Beginning 2023 Increased salary and pension available
(LONDON), Ky. (Sept. 30, 2022) – Seeking Kentuckians to serve and protect the commonwealth as a sworn Kentucky State Police (KSP) Trooper. Applications are currently being accepted for both new officers and the law enforcement accelerated (LEAP) program for cadet class 103. Deadline to apply is Oct. 28.
KSP offers one of the top five highest starting salaries for sworn officers in the commonwealth with a starting pay of $61,500 annually.
“In Kentucky we invest in our law enforcement, we commit to getting them the resources they need to not only create safer communities, but stay safe themselves,” Gov. Andy Behsear said. “Join KSP today and help build a better, safer Kentucky for your family, friends and future generations.”
Sergeant Michael Murriell, KSP Recruitment Branch Commander, says new troopers will start at the highest salary the agency has ever had and will also receive a new and improved retirement system that includes a sick leave buyback program.
“KSP has a variety of law enforcement positions available from the K9 unit, aircraft branch, investigations and special operations. The ability to have a successful and fulfilling career is endless,” said Sgt. Murriell. “Plus, the financial opportunities available from salary to recruitment to leave benefits are higher than ever before. The best time to choose a KSP career is now.”
Interested applicants should visit the KSP website to download an application. KSP’s website also includes the application process outline, minimum requirements and disqualifications, and a list of required supporting documentation (physical standards requirements and testing information). The upcoming cadet class is slated to begin on February 28, 2023.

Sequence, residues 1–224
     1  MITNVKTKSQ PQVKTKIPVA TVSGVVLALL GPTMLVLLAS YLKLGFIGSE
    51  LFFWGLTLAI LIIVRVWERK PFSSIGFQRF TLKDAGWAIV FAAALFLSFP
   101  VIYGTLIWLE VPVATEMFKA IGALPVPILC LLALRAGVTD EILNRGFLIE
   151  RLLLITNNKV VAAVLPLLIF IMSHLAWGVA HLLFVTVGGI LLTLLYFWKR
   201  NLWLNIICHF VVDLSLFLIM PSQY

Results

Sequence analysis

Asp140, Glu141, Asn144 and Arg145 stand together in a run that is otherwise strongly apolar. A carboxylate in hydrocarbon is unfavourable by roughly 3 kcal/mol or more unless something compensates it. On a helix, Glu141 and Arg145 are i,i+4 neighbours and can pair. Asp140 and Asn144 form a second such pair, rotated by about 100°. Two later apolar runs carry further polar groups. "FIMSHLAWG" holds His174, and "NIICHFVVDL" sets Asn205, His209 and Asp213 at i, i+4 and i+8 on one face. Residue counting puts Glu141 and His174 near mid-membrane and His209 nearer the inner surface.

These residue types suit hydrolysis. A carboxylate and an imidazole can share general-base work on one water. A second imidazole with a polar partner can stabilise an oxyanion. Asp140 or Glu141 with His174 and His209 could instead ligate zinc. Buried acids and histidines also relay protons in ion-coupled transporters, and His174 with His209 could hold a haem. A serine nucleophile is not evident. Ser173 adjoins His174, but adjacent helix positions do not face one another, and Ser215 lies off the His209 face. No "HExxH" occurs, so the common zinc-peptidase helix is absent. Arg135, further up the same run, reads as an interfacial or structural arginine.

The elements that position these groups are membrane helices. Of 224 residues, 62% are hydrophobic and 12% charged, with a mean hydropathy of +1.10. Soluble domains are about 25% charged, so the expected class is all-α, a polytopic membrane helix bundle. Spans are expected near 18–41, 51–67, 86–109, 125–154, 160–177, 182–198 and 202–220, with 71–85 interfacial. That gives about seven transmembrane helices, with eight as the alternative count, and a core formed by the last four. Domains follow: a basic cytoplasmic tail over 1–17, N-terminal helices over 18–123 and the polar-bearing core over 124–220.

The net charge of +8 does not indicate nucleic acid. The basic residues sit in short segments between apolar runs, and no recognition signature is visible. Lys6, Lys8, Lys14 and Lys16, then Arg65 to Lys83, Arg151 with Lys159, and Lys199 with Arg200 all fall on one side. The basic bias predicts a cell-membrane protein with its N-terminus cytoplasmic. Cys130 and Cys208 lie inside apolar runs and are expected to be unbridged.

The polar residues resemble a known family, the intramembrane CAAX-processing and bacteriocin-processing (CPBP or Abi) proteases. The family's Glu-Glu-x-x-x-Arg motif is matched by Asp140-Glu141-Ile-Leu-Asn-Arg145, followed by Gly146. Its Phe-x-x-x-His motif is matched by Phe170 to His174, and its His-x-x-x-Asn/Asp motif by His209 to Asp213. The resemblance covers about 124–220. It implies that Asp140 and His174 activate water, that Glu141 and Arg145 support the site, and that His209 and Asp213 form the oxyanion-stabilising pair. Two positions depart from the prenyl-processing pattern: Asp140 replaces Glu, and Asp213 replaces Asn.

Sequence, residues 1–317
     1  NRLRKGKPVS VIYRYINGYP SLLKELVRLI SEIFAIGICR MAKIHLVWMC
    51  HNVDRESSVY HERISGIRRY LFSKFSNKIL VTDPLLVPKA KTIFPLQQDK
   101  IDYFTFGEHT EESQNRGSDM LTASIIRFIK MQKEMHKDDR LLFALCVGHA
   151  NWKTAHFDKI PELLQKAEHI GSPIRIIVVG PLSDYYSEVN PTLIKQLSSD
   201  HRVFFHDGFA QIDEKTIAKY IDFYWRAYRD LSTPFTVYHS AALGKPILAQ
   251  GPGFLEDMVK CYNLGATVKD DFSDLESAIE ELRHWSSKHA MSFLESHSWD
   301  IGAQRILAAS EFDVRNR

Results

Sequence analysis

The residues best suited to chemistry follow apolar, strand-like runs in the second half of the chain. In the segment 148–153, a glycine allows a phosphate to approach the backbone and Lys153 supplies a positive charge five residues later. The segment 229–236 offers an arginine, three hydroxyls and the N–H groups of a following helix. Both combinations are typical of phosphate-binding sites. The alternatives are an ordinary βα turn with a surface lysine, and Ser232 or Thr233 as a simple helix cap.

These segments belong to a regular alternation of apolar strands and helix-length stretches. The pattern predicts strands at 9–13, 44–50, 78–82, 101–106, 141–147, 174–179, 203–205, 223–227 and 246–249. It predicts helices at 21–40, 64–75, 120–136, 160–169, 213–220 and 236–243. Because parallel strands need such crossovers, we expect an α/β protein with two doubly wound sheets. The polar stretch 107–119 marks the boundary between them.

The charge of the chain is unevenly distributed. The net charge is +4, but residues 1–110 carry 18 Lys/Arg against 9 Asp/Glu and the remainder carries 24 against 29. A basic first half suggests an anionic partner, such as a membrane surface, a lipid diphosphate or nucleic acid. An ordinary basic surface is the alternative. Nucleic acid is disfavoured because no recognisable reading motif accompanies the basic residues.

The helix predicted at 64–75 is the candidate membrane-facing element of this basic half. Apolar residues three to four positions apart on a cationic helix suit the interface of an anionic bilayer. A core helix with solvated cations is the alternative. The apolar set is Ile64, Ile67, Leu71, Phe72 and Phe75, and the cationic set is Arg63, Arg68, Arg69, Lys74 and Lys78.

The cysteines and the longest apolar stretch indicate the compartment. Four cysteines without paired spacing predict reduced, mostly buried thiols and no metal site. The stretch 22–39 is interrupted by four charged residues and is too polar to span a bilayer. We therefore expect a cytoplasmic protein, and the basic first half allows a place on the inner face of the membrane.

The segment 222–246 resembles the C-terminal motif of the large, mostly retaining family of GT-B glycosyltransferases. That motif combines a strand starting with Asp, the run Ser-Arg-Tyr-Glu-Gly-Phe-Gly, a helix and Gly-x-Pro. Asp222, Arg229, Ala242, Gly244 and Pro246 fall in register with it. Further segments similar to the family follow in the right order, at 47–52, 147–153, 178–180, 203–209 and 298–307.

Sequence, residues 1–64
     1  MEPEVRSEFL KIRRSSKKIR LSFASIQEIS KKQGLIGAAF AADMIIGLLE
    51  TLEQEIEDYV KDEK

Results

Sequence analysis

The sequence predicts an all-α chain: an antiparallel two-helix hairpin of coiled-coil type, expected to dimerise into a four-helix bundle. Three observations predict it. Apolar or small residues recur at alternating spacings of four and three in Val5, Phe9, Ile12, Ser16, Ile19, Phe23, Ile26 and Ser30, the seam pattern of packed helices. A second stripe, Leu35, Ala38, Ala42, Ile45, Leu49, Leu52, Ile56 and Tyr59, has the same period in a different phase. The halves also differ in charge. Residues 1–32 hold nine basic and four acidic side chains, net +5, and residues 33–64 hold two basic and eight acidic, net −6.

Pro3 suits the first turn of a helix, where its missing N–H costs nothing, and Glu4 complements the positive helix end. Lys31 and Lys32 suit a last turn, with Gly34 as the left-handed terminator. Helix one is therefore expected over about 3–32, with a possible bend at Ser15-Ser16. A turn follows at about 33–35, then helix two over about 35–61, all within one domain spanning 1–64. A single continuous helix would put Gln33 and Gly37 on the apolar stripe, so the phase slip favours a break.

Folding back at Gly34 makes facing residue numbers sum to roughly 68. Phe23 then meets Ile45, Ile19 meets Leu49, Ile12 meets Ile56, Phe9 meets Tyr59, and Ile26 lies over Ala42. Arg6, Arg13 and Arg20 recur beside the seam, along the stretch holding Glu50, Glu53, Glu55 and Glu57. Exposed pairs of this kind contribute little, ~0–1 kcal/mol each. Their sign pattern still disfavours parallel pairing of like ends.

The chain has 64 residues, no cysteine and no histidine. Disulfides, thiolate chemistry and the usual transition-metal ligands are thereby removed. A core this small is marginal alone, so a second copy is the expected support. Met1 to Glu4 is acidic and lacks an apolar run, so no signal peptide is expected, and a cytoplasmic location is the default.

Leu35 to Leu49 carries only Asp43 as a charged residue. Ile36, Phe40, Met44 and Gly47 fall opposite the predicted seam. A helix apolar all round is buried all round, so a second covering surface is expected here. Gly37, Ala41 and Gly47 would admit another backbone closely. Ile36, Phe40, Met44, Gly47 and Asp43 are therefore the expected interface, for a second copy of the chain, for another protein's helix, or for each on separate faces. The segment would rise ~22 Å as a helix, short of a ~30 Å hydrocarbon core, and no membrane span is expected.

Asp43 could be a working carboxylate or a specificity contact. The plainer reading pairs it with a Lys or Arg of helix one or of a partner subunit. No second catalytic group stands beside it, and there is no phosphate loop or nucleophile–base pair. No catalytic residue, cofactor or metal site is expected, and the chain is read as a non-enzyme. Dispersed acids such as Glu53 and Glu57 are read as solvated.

Applications must be submitted to the KSP Recruitment Branch by close of business on October 28.
To qualify for the 13-week LEAP training at KSP, a candidate must have been a full-time, POPS-certified police officer in the commonwealth of Kentucky for a minimum of two years. The candidate must not be under a local government contract with their current or previous police agency.
Interested applicants with questions or assistance with applying can email the KSP recruitment branch at KSPRecruit@ky.gov.
KSP’s focus this year is to maintain and strengthen its essential workforce in order to better provide public safety, maintain critical services and better reflect the diverse communities that KSP serves. For more information about KSP’s commitment of creating a better Kentucky by making the commonwealth’s streets safer, communities stronger and the nation more secure by providing exceptional law enforcement, click here.
Kentucky State Police a National Leader in Public Safety
The Beshear-Coleman administration’s top priority is the safety of all Kentuckians. The public safety actions already taken by the Governor are creating safer communities and a better Kentucky now and into the future.
In April, the Governor signed into law two pieces of legislation recently passed by the General Assembly to make historic investments in law enforcement by providing funds to KSP to recruit, train and retain the essential workforce needed to continue to provide the highest level of security to all Kentuckians. House Bill 259 ensures that all troopers will receive a $15,000 raise. Additionally, the signage of the bill raised KSP’s starting pay for sworn officers to $61,500 annually. By signing Senate Bill 209, Gov. Beshear established paid vacation, sick leave and holiday pay, as well as enhanced health insurance contribution payments for retired KSP troopers and CVE officers.
Also, as the Governor recommended in January 2022, $12.2 million was included in the state budget for KSP to purchase body cameras, which is the first time in the commonwealth’s history that funding has been allocated for this much-needed expense.
Gov. Beshear has championed legislative action like Senate Bill 64 and House Bill 254, making it easier for law enforcement to conduct undercover stings and increase the chances of stopping a horrific crime against a child from being facilitated through the internet. These actions will also provide law enforcement officers with the authority to charge offenders with harsher crimes to keep them away from the public, preventing further interactions with Kentucky’s most vulnerable population.
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